As you may be aware the holly is a symbolic winter decoration and in Christianity associated the prickly holly leaves with the crown of thorns from the crucifixion.

Although the wood of holly is the whitest of all woods and is hard and fine grained. This means that it can be stained and polished to make furniture or in engraving work but commonly used to make walking sticks.

The holly is a food for the holly blue caterpillar and in the spring this is where the butterfly lays its eggs.

Birch, Betula Pendula

The birch is the medium-sized trees in Sutton Park they can reach to 50ft in height and if you are a hay fever sufferer the birch tree is responsible for 15 to 20% in the northern hemisphere.

The wood from the birch tree is highly flammable it can even catch fire when it’s wet so because of that the birch tree is used as a high-quality firewood.

Another fact you may not know is that substances isolated from the different parts of the birch are used in cosmetics such as soaps and shampoos.

Alder, Alnus Glutinosa

Did you know that the whole of Venice is built on alder wood piles? Also the wood makes excellent charcoal and gunpowder! The wood is also used to make clogs and there was theory that if you put alder leaves in your shoes before a long journey it would cool feet to reduce swelling.

The roots of the Alder tree have nitrogen-fixing nodules which make it a good soil conditioner. So they are used to improve soil fertility on former industrial wastelands.

We hope you have enjoyed reading some of the interesting facts of the native trees of Sutton Park in Sutton Coldfield.

Posted in Blog

Tree Services Sutton Coldfield

People often think because their garden is small it means that you cannot have beautiful trees in it. Here at Bailey Tree Services we treat many gardens of a variety of sizes, but it is important to choose a tree to suit their surroundings.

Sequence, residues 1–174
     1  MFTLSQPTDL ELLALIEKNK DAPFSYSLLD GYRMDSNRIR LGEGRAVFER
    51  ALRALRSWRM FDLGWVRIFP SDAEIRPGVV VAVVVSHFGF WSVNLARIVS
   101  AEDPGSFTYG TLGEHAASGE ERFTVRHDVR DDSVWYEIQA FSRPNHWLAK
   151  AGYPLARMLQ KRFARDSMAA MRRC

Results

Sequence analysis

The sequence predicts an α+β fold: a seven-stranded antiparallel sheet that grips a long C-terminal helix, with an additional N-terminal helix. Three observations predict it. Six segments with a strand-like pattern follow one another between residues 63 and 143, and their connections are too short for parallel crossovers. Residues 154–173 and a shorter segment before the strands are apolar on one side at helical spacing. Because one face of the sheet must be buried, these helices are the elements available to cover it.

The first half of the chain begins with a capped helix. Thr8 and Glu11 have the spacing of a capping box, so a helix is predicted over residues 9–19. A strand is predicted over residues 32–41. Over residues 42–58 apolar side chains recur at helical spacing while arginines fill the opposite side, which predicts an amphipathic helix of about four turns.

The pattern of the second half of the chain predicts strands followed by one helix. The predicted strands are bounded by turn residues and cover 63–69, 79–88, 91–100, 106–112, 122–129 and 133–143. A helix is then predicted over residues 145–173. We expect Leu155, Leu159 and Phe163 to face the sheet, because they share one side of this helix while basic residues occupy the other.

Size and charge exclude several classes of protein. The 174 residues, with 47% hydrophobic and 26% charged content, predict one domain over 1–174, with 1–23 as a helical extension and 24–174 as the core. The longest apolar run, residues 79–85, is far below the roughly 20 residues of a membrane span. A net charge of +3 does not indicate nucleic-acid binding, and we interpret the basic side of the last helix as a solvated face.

Take a look at our five suggestions for perfect trees to suit a small garden.

Mountain Ash, Sorbus aucuparia ‘Fastigiata’

This is a perfect tree for narrow gardens due to its columnar shape and would be great for town garden with its tolerance of pollution. With this tree you will get a variety of colours through the seasons. The flowers produced are small white flowers in spring. In summer you will get bunches of dark red berries and then fiery orange leaves in autumn.

Toringo Crab Apple, Malus sieboldii

If you love wildlife in your garden, you should consider yourself a Toringo Crab Apple tree in your garden. It will produce dainty pink buds that will open into white flowers in mid spring. Then you will get clusters of yellow or red fruit so that is why it is perfect for adding wildlife to your garden.

Paperbark Maple, Acer griseum

This is a slow-growing tree that has dark green leaves which will turn a rich crimson in autumn. Once the leaves fall the bark flakes and reveal a new coopery colour underneath this tree will grow to a height of 10m and would tolerate partial shade.

Snowy Mespilus, Amerlanchier Lamarckii

This tree will grow to 10m and in April will become a cloud of white star-shaped blossom, before producing sweet purple-black fruits. These fruits are great if you would like to encourage blackbirds to your garden. The leaves will turn from bronze in spring to green to bright red and orange. It will survive the extreme cold winters and requires very little pruning and is happy in the sun or partial shade. However it is a little fussy has is does insist on lime-free soil.

Weeping Pear, Pyrus salicifolia ‘Pendula’

This tree is willow-like and has drooping branches that will stand compactly over a small lawn. The drooping grey-felted leaves will look graceful in the summer and will leave you with a strong architectural shape in the winter. In the spring it will have clusters of creamy-white flowers and it will only grow up to 5m tall.